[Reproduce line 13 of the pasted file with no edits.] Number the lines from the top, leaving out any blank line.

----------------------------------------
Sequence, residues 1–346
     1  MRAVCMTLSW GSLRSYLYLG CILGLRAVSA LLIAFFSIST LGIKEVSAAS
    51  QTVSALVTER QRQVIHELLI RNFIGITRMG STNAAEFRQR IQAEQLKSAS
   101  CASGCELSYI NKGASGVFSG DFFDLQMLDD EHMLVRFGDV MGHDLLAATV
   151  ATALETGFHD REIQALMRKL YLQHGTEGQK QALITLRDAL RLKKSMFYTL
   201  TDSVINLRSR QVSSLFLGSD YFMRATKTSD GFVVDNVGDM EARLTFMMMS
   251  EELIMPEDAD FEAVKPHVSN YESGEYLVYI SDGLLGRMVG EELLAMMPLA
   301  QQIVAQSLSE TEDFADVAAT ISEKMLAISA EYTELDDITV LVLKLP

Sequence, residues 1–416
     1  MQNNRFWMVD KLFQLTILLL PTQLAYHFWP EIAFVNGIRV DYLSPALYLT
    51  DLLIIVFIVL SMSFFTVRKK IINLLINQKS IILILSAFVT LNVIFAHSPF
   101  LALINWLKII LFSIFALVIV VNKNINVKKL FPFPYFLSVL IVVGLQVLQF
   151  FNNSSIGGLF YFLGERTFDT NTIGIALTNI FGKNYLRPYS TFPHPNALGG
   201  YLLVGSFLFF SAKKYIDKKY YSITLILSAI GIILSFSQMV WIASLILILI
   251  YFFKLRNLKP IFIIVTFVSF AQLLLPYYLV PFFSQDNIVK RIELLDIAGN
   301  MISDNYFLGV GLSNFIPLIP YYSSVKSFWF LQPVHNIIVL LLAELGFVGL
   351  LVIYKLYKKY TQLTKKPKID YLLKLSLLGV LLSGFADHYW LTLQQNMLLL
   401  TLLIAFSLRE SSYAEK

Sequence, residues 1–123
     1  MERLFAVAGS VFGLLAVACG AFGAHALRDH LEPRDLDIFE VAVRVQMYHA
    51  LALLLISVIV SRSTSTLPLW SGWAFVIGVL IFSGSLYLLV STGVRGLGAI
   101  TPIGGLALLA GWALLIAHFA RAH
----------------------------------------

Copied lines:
   151  FNNSSIGGLF YFLGERTFDT NTIGIALTNI FGKNYLRPYS TFPHPNALGG